Moreover, China has refused to isolate the regime despite Washington's repeated pleas for joint action. Yes, some Americans with close ties to China now say that they've never seen Beijing so frustrated with Pyongyang. But there is no indication that new leader Xi Jinping is considering serious sanctions against the North or independent economic and political pressure.

Instead, China seems to be betting that Washington's future of defense cuts will lead to a reduced American presence in Asia. President Obama's repeated invocation of the U.S.'s so-called strategic "pivot" to Asia may worry Beijing over the short term, but the Chinese believe the budgetary fundamentals are in their favor. And so they see no incentive to deal with the Americans over North Korea.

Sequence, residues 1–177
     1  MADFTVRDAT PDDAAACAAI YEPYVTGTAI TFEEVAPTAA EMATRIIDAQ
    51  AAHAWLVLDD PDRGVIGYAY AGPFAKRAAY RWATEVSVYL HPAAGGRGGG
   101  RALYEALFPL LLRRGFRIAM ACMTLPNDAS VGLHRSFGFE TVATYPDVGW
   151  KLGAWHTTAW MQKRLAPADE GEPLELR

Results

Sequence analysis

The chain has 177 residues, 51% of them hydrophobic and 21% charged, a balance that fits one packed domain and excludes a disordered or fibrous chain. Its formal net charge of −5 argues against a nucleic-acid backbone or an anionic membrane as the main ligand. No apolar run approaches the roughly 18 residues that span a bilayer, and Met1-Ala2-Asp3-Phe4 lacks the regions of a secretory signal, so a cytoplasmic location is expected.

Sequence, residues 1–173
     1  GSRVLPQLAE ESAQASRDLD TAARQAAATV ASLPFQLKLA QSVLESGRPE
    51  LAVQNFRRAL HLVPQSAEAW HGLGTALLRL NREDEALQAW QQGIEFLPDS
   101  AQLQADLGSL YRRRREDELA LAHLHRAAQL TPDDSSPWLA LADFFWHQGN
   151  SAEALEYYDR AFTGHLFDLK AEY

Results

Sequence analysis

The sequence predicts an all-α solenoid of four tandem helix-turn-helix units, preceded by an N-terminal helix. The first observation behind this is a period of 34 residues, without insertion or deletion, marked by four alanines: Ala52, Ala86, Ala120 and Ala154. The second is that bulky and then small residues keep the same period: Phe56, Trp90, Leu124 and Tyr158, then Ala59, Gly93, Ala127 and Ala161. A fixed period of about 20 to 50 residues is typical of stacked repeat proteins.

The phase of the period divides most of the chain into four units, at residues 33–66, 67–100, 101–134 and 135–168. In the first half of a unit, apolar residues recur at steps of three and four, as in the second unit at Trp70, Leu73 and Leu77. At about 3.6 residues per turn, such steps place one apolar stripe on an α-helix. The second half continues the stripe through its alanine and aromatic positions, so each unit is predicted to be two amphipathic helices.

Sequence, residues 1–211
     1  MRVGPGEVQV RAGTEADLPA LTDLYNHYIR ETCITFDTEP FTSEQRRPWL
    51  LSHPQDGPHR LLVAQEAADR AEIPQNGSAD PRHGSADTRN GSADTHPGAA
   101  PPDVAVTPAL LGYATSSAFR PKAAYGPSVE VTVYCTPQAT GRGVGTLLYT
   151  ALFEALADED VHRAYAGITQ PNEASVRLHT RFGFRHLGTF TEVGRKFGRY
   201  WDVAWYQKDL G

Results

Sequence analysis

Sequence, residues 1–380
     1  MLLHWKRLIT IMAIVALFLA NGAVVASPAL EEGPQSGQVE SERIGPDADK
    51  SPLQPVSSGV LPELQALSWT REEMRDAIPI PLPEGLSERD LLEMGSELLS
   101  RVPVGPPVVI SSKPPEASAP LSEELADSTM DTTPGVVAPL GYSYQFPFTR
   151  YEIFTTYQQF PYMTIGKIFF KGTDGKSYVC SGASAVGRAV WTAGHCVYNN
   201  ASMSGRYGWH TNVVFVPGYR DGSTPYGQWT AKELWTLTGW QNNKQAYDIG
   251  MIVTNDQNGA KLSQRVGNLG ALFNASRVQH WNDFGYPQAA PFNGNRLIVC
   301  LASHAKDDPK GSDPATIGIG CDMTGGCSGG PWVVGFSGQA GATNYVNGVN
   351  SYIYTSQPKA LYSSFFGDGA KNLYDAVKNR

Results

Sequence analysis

All of this leads to the question of what to do. Perhaps unexpectedly, a trip to the DMZ makes regime change in the North seem like the only thing that will alter Korea's destiny. Figuring out strategies to get rid of, or at least seriously undermine, the Kim family regime is something both the Bush and Obama administrations have studiously avoided talking about.

Committed to a failed negotiation strategy, the U.S. government has all but assured the Kim regime of its safety so long as it doesn't attack the South or Japan. That means negotiations are doomed from the beginning.
(Continued at the link below)